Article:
The Good, the Bad and the Truly Ugly…

Posted on December 31, 2010 by


Everyone, or nearly everyone, will spend a few moments reflecting on the close of the first decade of the 21st Century before beginning the next decade with a an awe inspiring hangover. We, here in the land of green opportunity, are no different. Let us review the events of the past decade in all their glory, or ignominy, as we prepare for a fresh new decade of environmental success.

Proving veggies can be sexy, sales of organic foods rose from $1 billion in the previous decade to over $24 billion by 2009.

A former Vice President becomes an environmental rockstar while tossing his automaton personality in the recycle bin.

The Supreme Court dismissed President Bush’s greenhouse gas policy declaring the Environmental Protection Agency has the right to do its job. The poster child of conservative business, the insurance industry, declares climate change is real.

Fancy phrases like “impacts of biodiversity loss on Ocean ecosystem” translates to no fishsticks, or tuna sandwiches, for you.

Consumer protection arises out of necessity with the Monterey Bay Aquarium’s active participation in helping you find seafood you can eat – guilt-free.

Detroit joined Japan on the green bandwagon by offering hybrid and electric cars families could, and would want to, buy. At the same time, shortsighted legislators in congress did away with tax incentives.

LA county, San JoséSan Francisco, and other jurisdictions join Baltimore and Paris to ignore State legislators in bidding farewell to the plastic bag. Oregon is ready to become the first state in the new decade to ignore the American Chemistry Council.

Legislators in California listened to the American Chemistry Council in rejecting Assemblymember Julia Brownley’s proposed  ban on plastic bags.

  • A new industry rose as carbon neutrality became a mainstay. UPS took green shipping global.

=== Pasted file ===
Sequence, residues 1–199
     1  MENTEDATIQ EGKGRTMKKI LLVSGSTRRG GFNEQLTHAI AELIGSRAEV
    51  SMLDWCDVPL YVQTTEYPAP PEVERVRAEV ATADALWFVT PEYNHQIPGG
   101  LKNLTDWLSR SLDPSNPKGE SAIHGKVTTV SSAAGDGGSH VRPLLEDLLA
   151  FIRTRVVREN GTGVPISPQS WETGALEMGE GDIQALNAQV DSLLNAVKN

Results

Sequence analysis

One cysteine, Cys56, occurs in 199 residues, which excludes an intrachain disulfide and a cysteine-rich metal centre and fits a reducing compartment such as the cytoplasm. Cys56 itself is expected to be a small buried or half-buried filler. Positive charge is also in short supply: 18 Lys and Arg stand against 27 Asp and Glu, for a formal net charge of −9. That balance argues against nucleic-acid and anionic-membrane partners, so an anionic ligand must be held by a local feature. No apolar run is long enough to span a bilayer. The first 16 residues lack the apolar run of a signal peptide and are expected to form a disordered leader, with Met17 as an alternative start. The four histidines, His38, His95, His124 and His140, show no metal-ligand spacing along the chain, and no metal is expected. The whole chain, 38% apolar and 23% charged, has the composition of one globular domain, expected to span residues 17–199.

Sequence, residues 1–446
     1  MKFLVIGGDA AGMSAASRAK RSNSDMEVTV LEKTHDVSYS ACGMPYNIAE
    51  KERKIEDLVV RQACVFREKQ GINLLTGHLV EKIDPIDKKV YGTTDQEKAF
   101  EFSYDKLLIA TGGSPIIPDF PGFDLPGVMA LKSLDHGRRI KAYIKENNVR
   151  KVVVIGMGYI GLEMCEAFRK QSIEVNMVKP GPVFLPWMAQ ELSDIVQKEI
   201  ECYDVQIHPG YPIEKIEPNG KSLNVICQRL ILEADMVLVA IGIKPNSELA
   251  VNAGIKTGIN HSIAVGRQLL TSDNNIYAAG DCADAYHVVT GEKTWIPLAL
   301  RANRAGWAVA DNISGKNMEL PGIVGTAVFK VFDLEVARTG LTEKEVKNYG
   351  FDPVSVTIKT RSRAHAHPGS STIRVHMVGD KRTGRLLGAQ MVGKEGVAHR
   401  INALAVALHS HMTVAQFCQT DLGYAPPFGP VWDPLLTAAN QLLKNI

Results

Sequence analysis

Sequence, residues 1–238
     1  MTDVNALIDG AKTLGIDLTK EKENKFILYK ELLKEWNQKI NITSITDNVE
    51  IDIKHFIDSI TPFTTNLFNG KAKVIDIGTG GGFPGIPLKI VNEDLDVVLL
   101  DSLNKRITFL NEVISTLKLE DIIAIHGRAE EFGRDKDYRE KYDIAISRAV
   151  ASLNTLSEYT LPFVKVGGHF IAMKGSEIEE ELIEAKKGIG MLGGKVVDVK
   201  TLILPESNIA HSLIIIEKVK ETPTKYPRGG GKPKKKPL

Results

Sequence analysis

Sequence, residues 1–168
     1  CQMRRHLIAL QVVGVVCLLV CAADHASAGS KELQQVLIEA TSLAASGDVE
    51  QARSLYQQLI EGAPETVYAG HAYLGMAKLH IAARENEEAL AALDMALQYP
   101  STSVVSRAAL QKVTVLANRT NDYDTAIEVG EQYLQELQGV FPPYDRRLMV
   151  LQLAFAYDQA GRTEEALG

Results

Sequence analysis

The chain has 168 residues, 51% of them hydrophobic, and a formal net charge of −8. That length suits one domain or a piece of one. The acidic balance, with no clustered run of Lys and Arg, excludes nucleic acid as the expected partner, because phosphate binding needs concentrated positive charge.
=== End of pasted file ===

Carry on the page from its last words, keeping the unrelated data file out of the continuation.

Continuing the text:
Rainforests caught a break as options to deforestation became more popular.

  • The first decade of the 21st Century proved to be the warmest on record (that is, since we began record keeping in 1850). This means all manner of pesky problems like: Arctic ice disappearing at a record pace, translation: Santa is being evicted, polar bears are drowning, and nasty invasive species are finding new homes.
  • Despite the continuing rise of the iPad, Kindle, online newspapers and the paperless office - paper consumption has not decreased

    And finally, who could forget

    • BP. The economic cost now ranges between $40 billion and$200 billion. Paying this debt may be relatively easy for BP, with little debt and an estimated $26 billion in cash flow next year, but the question remains. Can we afford the real loss of small business, tourism, food safety, environmental degradation and economic loss?

    Just for grins, let’s see how polar bears take care of the high tech toys meant to help:

    Let us know if we’ve left off your favorite environmental moments of the past decade.

    {To ring in the new decade Lisa Jensen has plans to join friends in downtown San José for a walking tour of planned musical festivities, then ride a bike or maybe live large and take a pedicab for a predawn breakfast.}